Pratt Lake Basin

Finally, an honest-to-goodness trail run! Many of my hikes have been too steep or slippery to run, but Pratt Lake was almost entirely runnable. Which is good, because if it wasn’t, I’d probably have turned back out of misery.

  • Distance: 11 miles round trip
  • Elevation: 2300ft gain
  • Weather: 40’s and rainy (and windy!)
  • Commute from Seattle: 45 minutes
  • Did I Trip: Ugh. Awkwardly stumbled and twisted my ankle. See below for details.

DSC00526

DSC00527Probably due to the weather, it was kind of a miserable hike. The type you do because you know you’ll be glad when you’re done with it. I had been sitting in my apartment for the past four days (okay, I went to work some of those days but the wanderlust was kicking in) so I figured I’d go anyway. Plus, it was a lake, so it couldn’t be that bad right? Lakes are pretty in crappy weather. Starting off it wasn’t that bad. The trail was in good shape, drained very efficiently so no muddy patches or swampy areas or rivers coming down the trail, and the mist was pretty cool at some points. I can definitely see why trail runners like this one, since the path is a wide, soft dirt path without many roots or rocks to navigate. There were a couple pretty waterfalls coming towards the trail as well.

DSC00528There were a couple bridges that were a little slippery, but that was it until the trail splits and gives you the option of continuing to lake Talapus (.2 miles away) or Pratt Lake, another 3 miles away. After that junction, it got progressively worse. There were more muddy patches and more sections of the trail covered by small rivers. Two miles past that, along a ridge, there was another junction, this time with the left path heading to Island Lake and the right continuing on to Pratt. After this junction, the trail became nearly unrunnable. You lose a bunch of altitude heading down to Pratt Lake and the trail is steep, lots of big rocks and roots, crossing talus fields, and eventually winding its way though the basin, where everything was a swamp. The talus fields are pretty exposed – the wta description says bring sunscreen, I say bring a damn hat and gloves and windproof jacket. At this point, you can see the lake, so there’s no point in turning around. You skirt the slope above the lake for a while (runnable, thank god) and eventually drop down to the basin.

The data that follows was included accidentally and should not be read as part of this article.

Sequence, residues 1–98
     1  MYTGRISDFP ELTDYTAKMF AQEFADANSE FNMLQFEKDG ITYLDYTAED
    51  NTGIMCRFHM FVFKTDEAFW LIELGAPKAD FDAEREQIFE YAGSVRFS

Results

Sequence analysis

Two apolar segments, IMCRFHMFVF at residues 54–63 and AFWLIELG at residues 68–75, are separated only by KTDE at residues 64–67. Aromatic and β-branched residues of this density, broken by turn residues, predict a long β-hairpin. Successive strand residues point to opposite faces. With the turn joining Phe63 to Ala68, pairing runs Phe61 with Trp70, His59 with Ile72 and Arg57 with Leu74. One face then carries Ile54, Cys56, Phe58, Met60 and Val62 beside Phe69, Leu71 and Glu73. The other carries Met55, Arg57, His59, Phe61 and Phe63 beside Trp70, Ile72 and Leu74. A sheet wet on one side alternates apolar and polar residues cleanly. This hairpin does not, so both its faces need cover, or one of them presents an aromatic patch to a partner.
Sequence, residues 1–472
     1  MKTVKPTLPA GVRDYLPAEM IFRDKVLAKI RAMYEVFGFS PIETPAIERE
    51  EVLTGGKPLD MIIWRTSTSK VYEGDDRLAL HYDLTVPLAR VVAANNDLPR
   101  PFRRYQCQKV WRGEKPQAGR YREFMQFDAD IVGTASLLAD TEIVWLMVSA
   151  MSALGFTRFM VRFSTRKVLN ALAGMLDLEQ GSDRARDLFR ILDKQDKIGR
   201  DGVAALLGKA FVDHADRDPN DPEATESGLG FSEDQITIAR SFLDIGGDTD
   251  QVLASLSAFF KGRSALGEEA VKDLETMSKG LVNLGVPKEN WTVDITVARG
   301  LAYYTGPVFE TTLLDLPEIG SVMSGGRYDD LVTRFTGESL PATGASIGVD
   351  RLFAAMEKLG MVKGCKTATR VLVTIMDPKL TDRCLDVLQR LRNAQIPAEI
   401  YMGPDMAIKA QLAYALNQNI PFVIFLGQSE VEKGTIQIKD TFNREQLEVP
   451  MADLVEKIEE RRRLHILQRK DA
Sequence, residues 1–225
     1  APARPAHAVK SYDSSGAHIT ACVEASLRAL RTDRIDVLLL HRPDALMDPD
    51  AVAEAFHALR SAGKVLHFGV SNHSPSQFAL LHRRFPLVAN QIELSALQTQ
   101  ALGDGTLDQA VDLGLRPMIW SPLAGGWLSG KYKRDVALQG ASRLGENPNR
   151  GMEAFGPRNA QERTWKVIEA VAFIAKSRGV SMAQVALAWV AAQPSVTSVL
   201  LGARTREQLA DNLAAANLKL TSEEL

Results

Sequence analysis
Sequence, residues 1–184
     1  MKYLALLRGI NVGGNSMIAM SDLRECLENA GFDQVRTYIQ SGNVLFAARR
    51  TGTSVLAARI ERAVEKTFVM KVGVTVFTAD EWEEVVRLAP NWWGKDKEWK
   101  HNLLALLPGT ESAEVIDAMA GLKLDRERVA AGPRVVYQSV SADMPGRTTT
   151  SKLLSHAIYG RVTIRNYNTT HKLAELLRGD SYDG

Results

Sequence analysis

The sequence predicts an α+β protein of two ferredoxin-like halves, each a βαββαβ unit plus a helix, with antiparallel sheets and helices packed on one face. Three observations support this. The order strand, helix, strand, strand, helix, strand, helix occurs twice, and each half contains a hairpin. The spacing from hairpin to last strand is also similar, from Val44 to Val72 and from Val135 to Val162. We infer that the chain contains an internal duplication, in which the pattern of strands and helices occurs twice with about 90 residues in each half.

DSC00537This is where my misery kicked in. It was pouring rain, windy, cold, my gloves were soaked through, and I was six miles from the trailhead. And the lake was just a lake. No amazingly clear glacial water, no turquoise color, just a blue lake. I’m spoiled. Ugh. So I snapped just a few pictures to document it, turned around, and ran back. For a brief moment I had contemplated going to Island Lake, but after reaching Pratt, hell no. I was cold, impatient, and it wasn’t as much “yay running!” as it was a “just let me teleport to my car/apartment/shower/hawaii” type of run.

I made it back in good time, with only one situation: my shoe came untied. Great. I tied it, and with my first step back on the trail (not even running) I twisted my ankle. Stepped weirdly on a rock I guess, I don’t even know. All I know is it hurt. But I was two miles from the trailhead and not about to walk through the pouring rain, so I kept running. The pain faded until I got home, which is when it decided to come back twice as bad. Luckily it only lasted a few days. To be fair I’ve been laying off it lately, so we’ll see this weekend how much better it actually is. When I got back to the trailhead, there were four other cars, but I hadn’t seen anyone besides one person. The rest must have gone up to Granite Mountain, which is a steep (1000ft/mile ish) hike with great views that shares a parking area with the Pratt Lake trail. Well, great views on a sunny day. Not sure they saw anything this time around.

As much as I disliked this run, it’s probably a pretty cool summer backpacking trip if you’re into lakes. From this trail you can also reach Lakes Talapus and Ollalie, Island Lake, Rainbow Lake, Melakwa Lake, and Lake Tuscohatchie. In the summer, on sunny days, it’d be pretty nice to hit all those lakes and go for a couple swims. So I’ll give it a chance to redeem itself in a few months.

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